butterfly slide has been a work in progress for several years now. Below
is a strip from some video shot in 1997 and it is not very good. The hands,
the feet, everything is off. When Overdrive was legal in the NHL, I'd
travel down to Francois Allaire's pro camp to peddle the blade and after
seeing the goalies there, it slowly dawned on me that I was slightly behind
the times. Not wanting to make a fool of myself any longer, I got to work
on things in earnest in late '99. I'm mentioning this so that you'll have
an idea of how quickly you can improve things. Now I get complimented
on this move all the time but a lot of goalies think it's beyond them.
However, that's not true. My schedule isn't particularly rigorous. I work
at things regularly but since I'm not going anywhere in hockey except
to the rink and back, my pace isn't what you'd call feverish. I've pecked
away at this move for two years so although it looks difficult and may
start out being a bit of a mess, anyone who puts their time in will get
it. I should also mention that I'm not quite finished here. Shooting a
nice looking video clip is one thing but having the move work efficiently
in a game is another. I've made some minor changes since shooting the
video to get the feet snapping out a little cleaner and the move more
we start, we should be sure exactly what a butterfly slide is and below
is a link to a Flash piece showing my moves
left and right. This page has eight movies and they're all linked using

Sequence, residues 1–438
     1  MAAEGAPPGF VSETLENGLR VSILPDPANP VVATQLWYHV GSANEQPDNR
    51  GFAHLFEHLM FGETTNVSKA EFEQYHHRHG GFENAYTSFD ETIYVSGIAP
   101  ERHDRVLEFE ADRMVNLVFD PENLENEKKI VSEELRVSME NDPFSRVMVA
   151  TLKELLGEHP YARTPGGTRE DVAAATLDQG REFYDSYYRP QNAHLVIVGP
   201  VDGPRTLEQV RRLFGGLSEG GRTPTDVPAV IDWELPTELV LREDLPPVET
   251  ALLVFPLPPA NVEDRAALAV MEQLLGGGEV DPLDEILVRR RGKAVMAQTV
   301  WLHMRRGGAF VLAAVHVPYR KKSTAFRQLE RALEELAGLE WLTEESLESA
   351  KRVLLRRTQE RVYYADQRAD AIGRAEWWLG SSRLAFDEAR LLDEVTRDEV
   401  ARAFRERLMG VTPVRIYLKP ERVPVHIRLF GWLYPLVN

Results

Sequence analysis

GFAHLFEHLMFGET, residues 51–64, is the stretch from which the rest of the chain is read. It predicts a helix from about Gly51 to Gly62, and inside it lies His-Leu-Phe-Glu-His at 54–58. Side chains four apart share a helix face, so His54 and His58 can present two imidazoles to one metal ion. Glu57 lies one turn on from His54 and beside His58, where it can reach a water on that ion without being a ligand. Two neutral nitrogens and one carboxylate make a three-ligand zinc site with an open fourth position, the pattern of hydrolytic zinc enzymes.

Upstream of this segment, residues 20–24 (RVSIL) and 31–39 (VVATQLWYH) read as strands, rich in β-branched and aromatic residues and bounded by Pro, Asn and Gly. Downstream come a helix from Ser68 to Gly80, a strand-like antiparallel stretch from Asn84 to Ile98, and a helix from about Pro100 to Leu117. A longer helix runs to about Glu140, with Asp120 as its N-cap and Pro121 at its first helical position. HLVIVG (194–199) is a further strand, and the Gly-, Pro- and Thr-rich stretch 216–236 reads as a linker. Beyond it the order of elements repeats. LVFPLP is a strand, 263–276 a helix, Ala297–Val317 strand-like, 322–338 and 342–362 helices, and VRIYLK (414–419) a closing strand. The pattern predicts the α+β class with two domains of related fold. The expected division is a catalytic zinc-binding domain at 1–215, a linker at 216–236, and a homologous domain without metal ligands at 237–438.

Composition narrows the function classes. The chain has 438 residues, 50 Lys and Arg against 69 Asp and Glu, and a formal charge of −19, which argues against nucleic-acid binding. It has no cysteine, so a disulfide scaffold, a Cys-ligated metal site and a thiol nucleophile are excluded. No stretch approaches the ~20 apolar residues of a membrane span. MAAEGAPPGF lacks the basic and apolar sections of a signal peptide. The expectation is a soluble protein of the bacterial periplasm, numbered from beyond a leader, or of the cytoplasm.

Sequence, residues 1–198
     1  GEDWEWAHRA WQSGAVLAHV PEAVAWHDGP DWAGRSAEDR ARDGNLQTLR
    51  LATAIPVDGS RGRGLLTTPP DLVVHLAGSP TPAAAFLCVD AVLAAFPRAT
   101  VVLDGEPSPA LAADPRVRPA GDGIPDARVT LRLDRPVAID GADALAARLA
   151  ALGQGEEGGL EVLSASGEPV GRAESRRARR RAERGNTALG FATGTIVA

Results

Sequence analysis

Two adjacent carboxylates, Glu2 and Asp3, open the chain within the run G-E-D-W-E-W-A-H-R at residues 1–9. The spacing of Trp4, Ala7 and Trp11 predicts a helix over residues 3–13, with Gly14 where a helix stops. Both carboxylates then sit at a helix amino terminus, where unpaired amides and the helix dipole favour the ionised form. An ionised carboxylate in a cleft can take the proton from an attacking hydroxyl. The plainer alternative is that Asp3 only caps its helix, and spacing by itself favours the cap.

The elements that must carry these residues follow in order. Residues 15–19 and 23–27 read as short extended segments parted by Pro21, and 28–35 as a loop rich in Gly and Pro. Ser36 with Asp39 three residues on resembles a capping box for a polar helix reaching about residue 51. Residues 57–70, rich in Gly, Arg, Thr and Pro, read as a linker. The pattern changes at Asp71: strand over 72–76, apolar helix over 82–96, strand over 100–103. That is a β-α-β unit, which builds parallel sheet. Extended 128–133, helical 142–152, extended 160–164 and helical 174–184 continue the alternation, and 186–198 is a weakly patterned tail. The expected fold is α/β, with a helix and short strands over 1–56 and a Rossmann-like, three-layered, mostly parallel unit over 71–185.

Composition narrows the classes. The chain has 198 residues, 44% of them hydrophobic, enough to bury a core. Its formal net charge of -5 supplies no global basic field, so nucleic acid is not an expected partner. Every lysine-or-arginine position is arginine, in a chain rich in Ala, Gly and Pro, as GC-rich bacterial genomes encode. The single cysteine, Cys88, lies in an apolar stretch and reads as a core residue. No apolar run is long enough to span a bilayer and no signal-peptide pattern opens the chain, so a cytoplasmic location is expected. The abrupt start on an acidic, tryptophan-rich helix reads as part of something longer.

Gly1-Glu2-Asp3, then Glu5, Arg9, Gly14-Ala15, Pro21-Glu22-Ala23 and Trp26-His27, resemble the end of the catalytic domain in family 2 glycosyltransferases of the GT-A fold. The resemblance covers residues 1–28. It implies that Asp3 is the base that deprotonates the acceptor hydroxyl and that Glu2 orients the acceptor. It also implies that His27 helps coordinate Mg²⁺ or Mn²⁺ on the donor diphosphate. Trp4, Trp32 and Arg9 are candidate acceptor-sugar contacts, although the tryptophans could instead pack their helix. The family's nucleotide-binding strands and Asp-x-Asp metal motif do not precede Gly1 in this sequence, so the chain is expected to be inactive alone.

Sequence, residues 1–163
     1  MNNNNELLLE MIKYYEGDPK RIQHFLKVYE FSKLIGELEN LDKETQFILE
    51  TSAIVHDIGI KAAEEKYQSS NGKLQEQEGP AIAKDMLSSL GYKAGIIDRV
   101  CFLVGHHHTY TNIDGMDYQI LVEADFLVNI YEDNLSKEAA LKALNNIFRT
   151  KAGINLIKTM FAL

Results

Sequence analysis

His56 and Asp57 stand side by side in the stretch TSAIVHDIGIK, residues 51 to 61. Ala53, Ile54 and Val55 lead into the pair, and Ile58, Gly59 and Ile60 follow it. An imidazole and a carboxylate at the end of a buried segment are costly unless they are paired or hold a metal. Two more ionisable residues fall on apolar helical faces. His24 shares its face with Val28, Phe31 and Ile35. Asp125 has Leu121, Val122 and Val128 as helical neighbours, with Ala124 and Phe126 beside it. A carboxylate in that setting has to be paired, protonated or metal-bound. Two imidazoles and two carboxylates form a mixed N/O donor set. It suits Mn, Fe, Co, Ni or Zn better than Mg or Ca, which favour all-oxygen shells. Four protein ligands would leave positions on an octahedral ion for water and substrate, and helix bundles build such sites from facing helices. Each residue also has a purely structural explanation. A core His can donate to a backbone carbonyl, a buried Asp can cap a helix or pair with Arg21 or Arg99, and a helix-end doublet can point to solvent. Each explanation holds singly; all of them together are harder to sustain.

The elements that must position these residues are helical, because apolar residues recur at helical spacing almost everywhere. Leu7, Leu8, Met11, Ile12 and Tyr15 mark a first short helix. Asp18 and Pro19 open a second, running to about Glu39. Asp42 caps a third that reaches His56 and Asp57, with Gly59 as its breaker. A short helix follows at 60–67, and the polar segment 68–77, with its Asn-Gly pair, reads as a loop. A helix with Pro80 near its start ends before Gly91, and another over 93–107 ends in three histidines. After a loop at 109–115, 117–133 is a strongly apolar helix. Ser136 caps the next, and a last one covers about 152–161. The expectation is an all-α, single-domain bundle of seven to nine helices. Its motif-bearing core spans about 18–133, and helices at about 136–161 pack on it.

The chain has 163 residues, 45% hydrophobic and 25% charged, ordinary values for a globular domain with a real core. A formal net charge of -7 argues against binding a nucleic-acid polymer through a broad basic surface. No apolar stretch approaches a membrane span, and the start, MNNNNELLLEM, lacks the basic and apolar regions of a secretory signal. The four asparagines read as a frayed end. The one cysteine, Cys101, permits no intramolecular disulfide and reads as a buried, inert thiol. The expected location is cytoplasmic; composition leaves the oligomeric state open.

the Flash icon. Two of them have snappy preloaders that I made to keep
myself entertained, so they should be ready quickly. I think it's best
to open them and minimize them for a minute to get them started. In the
meantime you could look at the other stuff on the page. Don't close them
when you're done, just minimize them because you may want to go back to
them before you leave the page. Most browsers will allow you to have quite
a few separate boxes open.
I used the
latest Flash because it handles video so if you don't have the Flash 6
plugin, it won't work. 95% of net users have Flash and it's hard to go
anywhere without it. It's a one minute download at Macromedia.
thing we should do before we start is to ask the question 'Is this move
worth the effort?'
Absolutley, it's the third most important move you'll need. I'd say the
most important move (and the most difficult) is standing there and doing
nothing, #2 is the butterfly and #3 is the butterfly slide. If you're
not in your stance or going down, you'll need to be moving laterally and
nothing covers laterally like the butterfly slide.
I've gotten better with the Butterfly slide it has made a lot of difficult
saves routine. Short passes across the crease, one-timers, small dekes
and even breakaways are all a lot easier when the pad gets across quickly.
should say that I don't think much of the butterfly slide without Overdrive.
I rely heavily on Overdrive for this move. The pushing foot needs a very
secure grip because a lot of power goes into the move. Without Overdrive,
it's a much smaller move and you have to be very careful not to overload
the pushing foot and blow it out. A blowout here can spread you right
out and put a lot of pressure on the groin.
let's get started. First, I'll look at how both feet
what's the problem?
problem is the main blade. Goalies always ask me if Overdrive will catch
and hold up a move but few realize that this is exactly what the main blade
often does. When the foot has to slide out, you have to scrape through the